An option in real estate gives a buyer an exclusive right to buy a property for a specified time period. These arrangements may vary by state, but the basic structure is similar. There are three types generally used:
- Straight options to purchase – The buyer pays the seller a fee for the right to purchase later
- Lease options – The buyer leases the property for a predetermined period and then has the option to purchase it at the end
- Lease purchase agreements – The buyer leases the property for a specified period and that money goes toward the purchase price
The first caters to investors who speculate on the future value. The second and third are variations that buyers use when they don’t have enough money or some other reason to delay buying.
Option in Real Estate to Purchase
Option to purchase means that an investor or tenant pays a fee for the right to buy a property at some point in the future. The most common type in property transactions is a rent to own contract.
- The tenant rents the property, but the owner gives them the opportunity to buy it in the future
- The owner applies a part off the rent toward the purchase price
- These contracts allow potential buyers to buy a home and put the purchase on hold until they are ready
The advantage to the seller is that they get a fee for stretching out the process. The advantage for the buyer is that they may not have enough money or have other reasons right now to buy the house. However, they can move in and rent, and they know that they can still buy it later.1
Structure of a Lease-Purchase Agreement for an Option in Real Estate
Sellers structure purchase agreements in three ways depending on their and the buyer’s situations. Some owners want to attract investors, while others want tenants. Still, others simply want to help a young couple get their first house. Here are the major components of each:2
In this case, sellers want to attract investors to their property. Straight contracts do not contain a lease option. The important aspects of this type are:
- The buyer pays a fee for the right to purchase later.
- They agree to a set price at the beginning, or the buyer agrees to pay the market price at the end.
- Term length negotiable, but usually one to three years.
- The option money is not usually refundable.
- The buyer isn’t obligated to purchase the property, and if they don’t it expires.
A potential homeowner may do this if they really like a house but can’t at the time for some reason. They may be willing to pay the fee and pay the market prices in the future. This, however, is rare. Usually, investors want to set the price upfront and speculate on the house’s future value.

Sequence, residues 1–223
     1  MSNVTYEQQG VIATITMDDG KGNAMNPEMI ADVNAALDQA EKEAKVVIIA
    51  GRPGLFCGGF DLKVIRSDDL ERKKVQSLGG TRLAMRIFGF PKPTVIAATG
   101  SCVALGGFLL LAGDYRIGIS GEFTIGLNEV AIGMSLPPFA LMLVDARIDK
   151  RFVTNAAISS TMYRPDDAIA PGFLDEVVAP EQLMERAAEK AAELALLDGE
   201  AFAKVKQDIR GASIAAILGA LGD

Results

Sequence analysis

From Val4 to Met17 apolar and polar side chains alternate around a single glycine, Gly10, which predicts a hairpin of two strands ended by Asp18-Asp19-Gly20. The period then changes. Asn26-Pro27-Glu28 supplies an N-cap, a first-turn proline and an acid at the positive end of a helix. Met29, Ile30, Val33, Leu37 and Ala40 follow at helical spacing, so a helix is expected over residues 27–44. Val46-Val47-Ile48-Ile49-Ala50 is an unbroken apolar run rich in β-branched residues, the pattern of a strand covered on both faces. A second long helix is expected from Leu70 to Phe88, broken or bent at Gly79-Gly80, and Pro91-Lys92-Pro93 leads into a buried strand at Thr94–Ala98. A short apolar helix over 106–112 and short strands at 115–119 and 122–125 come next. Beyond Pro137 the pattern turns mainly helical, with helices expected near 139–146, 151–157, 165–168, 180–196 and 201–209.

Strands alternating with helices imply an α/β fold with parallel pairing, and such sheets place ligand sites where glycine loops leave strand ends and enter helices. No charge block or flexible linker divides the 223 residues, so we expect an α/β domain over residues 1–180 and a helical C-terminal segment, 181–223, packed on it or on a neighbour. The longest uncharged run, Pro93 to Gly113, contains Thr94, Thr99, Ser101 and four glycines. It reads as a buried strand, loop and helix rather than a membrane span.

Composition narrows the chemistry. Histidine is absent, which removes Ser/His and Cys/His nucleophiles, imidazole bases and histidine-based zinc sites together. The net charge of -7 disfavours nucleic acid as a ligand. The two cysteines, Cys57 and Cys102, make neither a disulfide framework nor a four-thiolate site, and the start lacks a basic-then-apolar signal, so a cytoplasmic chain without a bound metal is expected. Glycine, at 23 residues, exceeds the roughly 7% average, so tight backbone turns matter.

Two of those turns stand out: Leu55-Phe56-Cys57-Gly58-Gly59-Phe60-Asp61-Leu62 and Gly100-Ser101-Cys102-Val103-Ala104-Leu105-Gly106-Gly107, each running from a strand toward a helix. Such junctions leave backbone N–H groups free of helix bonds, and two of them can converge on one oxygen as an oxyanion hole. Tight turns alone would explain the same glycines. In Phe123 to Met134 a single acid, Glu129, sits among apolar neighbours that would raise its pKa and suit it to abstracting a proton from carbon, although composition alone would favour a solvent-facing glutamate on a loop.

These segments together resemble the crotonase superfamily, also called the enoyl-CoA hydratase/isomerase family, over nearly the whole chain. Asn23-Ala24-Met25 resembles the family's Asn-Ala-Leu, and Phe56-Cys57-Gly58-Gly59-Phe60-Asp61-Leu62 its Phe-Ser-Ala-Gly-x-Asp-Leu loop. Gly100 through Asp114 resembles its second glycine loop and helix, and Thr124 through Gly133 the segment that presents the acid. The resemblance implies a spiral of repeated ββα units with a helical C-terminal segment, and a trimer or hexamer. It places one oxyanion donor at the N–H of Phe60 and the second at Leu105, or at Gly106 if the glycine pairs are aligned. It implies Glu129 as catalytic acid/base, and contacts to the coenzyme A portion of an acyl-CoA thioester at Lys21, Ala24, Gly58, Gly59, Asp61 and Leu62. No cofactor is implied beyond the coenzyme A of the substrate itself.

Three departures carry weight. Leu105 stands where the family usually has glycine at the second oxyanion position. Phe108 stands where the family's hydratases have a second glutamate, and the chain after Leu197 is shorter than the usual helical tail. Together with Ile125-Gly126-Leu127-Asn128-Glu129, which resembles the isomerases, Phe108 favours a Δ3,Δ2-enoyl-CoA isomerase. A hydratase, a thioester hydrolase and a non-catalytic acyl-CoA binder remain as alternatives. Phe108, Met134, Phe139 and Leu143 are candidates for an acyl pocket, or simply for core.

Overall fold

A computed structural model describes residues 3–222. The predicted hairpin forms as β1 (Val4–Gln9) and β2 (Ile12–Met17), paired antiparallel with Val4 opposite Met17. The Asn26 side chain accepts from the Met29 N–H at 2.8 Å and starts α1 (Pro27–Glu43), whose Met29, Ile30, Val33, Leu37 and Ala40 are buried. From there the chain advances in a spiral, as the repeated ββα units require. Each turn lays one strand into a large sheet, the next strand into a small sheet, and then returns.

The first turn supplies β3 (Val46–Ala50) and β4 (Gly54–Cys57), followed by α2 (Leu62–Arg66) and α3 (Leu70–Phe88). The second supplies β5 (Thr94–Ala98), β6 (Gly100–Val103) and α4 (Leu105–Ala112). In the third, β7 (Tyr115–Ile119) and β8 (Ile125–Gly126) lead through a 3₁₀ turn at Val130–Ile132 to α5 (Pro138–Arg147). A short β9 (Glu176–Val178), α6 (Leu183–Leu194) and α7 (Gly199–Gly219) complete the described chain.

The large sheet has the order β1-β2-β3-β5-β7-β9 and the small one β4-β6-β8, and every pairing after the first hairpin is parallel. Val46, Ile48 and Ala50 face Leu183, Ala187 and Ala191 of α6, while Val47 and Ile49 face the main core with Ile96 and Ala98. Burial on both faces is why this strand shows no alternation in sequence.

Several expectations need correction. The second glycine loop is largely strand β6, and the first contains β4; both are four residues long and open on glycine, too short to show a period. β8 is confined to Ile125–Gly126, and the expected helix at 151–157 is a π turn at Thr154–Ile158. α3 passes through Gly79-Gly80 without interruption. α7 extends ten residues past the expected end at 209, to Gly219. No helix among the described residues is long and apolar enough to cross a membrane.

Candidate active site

Lease options attract potential homeowners who can’t afford the price right now, or they have some other reason (such as credit issues) that they can’t commit. The structure works this way:
- The buyer pays the seller a fee for the right to purchase later.
- This money may be substantial.
- They agree on a set price at the beginning or market value at the end. Most buyers, though, want to lock a price at the beginning.
- The buyer rents the home for a predetermined time period, usually one to three years.
- The seller does not apply the fee to the down payment, and it is not refundable.
- A portion of the rent goes toward the purchase price.
- Nobody else may buy the property during the lease period.
- The buyer cannot assign the contract to anyone else.
- If the buyer doesn’t exercise the option, then it expires at the end of the term.
These arrangements may get complicated, so you should write a legally binding contract for this. A good attorney in your area can help you do this properly.
Lease purchases are another structure that allows potential buyers a rent-to-own option. While it is like the others it does have some differences.
- The buyer pays the seller a fee for the right to purchase the property later.
- Usually, they set the purchase price slightly higher than the current market price.
- The buyer rents the home for the duration of the term for an agreed-upon price, usually one to three months.
- The buyer secures financing and pays the seller the entire amount at the end of the term.
- A portion of the rent goes to the purchase price.
- The rent is usually slightly higher than going to market rental values.
- The owner does not apply the fee to the down payment.
- Option money is not refundable.
- Nobody else can buy the property unless the buyer defaults.
- The buyer cannot assign the agreement to someone else.
These agreements work well for buyers who want a particular home, but they can’t complete the transaction immediately. Either they don’t have enough money, or they can’t get a mortgage, or they have some other reason preventing them now.
Final thoughts on an Option in Real Estate
Options are good for investors and potential buyers. They give investors the ability to speculate on the future price of land. A buyer may use it to keep a lot available to them to build a home. With these, renters can buy the home they lease.3
While these present opportunities, they come at a cost. You should carefully learn exactly what the contract says, and you need to understand the cost of not exercising the option.